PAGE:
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dc.contributor.authorCleaveland S.en
dc.contributor.authorHampson K.en
dc.contributor.authorDushoff J.en
dc.contributor.authorHaydon D.T.en
dc.contributor.authorKaare M.en
dc.contributor.authorPacker C.en
dc.contributor.authorDobson A.en
dc.date.accessioned2009-09-07T14:32:39Z
dc.date.available2009-09-07T14:32:39Z
dc.date.issued2009-03-01en
dc.identifier.citationCleaveland S., Hampson K., Dushoff J., Haydon D.T.. (2009-03-01) Transmission Dynamics and Prospects for the Elimination of Canine Rabies, PLOS Biology 7(3) 462-471en
dc.identifier.issn1544-9173en
dc.identifier.urihttp://www.plosbiology.org/article/info:doi/10.1371/journal.pbio.1000053en
dc.identifier.urihttp://dx.doi.org/10.1371/journal.pbio.1000053en
dc.identifier.urihttp://hdl.handle.net/1842/3031
dc.description.abstractRabies has been eliminated from domestic dog populations in Western Europe and North America, but continues to kill many thousands of people throughout Africa and Asia every year. A quantitative understanding of transmission dynamics in domestic dog populations provides critical information to assess whether global elimination of canine rabies is possible. We report extensive observations of individual rabid animals in Tanzania and generate a uniquely detailed analysis of transmission biology, which explains important epidemiological features, including the level of variation in epidemic trajectories. We found that the basic reproductive number for rabies, R-0, is very low in our study area in rural Africa (similar to 1.2) and throughout its historic global range (<2). This finding provides strong support for the feasibility of controlling endemic canine rabies by vaccination, even near wildlife areas with large wild carnivore populations. However, we show that rapid turnover of domestic dog populations has been a major obstacle to successful control in developing countries, thus regular pulse vaccinations will be required to maintain population-level immunity between campaigns. Nonetheless our analyses suggest that with sustained, international commitment, global elimination of rabies from domestic dog populations, the most dangerous vector to humans, is a realistic goal.en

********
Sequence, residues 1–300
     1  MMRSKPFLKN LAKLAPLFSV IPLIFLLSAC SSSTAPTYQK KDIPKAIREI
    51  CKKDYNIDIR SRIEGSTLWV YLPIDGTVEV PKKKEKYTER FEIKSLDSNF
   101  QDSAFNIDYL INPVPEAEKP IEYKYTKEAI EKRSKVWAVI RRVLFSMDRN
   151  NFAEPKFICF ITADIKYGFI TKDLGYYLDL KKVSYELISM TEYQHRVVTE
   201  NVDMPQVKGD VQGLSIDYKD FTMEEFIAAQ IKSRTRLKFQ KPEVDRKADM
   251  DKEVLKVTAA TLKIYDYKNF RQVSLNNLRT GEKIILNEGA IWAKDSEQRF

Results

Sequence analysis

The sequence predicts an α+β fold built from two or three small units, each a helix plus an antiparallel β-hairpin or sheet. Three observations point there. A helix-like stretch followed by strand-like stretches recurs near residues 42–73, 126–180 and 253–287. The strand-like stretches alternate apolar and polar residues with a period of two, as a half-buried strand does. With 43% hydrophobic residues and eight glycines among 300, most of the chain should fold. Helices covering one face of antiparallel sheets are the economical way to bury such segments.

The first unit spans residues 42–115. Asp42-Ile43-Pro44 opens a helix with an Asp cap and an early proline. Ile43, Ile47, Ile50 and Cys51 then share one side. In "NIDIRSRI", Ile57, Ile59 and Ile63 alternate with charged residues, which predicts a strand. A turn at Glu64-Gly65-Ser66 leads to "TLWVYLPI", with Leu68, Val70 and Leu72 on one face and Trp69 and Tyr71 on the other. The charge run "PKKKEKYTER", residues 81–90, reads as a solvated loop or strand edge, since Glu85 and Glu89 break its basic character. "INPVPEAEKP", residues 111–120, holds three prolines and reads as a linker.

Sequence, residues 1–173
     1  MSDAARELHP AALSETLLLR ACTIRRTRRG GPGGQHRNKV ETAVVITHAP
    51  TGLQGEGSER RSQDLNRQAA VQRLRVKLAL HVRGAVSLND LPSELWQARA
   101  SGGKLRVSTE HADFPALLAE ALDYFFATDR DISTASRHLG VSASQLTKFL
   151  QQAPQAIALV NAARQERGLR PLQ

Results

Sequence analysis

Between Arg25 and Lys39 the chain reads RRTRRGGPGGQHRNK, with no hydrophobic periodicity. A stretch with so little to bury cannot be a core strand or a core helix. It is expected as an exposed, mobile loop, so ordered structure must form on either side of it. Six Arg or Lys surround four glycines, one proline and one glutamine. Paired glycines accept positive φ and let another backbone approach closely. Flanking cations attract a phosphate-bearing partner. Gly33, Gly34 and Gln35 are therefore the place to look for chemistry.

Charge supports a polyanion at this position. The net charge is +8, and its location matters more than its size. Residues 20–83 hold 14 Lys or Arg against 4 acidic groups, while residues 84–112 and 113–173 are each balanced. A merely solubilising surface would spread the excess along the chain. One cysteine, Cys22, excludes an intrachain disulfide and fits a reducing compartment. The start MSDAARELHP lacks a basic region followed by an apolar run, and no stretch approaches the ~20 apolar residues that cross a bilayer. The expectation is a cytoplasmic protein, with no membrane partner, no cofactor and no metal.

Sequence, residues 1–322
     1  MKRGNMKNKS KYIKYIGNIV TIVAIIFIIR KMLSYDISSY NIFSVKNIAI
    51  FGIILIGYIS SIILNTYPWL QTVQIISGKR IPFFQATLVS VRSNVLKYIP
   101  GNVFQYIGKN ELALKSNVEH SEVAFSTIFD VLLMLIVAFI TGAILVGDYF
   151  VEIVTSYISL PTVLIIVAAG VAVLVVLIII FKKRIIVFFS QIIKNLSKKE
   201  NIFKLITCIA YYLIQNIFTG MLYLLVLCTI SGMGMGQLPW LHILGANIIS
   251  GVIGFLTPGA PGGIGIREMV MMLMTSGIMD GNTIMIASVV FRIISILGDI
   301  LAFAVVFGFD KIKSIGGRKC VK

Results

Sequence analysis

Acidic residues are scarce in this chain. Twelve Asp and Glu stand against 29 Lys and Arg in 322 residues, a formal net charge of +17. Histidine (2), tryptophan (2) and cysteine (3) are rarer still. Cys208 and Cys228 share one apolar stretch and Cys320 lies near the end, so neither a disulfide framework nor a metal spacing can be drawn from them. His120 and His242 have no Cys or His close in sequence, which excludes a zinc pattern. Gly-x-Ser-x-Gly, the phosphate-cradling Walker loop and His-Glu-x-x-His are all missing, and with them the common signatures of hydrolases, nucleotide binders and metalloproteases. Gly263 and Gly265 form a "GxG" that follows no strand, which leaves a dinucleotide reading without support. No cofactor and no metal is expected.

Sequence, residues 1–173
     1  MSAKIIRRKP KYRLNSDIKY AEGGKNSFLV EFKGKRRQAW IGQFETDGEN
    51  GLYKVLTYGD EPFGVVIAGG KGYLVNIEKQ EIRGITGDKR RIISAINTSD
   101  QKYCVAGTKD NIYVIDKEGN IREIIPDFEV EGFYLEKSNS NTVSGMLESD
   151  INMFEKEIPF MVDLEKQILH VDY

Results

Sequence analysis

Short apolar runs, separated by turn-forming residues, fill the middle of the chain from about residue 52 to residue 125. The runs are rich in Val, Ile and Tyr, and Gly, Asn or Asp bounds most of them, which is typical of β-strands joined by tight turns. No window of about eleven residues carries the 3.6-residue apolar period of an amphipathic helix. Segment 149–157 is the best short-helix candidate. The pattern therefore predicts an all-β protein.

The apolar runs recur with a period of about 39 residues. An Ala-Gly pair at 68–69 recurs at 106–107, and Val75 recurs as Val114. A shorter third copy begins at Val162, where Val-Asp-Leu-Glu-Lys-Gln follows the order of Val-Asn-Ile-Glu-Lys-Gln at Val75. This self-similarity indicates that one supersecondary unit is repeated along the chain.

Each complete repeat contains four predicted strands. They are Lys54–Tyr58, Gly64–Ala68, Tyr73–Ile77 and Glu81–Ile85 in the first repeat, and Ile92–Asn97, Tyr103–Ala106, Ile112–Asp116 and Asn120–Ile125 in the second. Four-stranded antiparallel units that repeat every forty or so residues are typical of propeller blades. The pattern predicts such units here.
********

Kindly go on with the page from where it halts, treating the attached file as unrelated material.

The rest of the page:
dc.format.extent465118 bytes
dc.format.mimetypeapplication/pdf
dc.language.isoen
dc.subjectparenteral vaccination campaign; acute respiratory syndrome; basic reproductive ratio; dog rabies; machakos district; bite injuries; rural africa; disease; population; epidemicen
dc.titleTransmission Dynamics and Prospects for the Elimination of Canine Rabiesen
dc.typeArticleen


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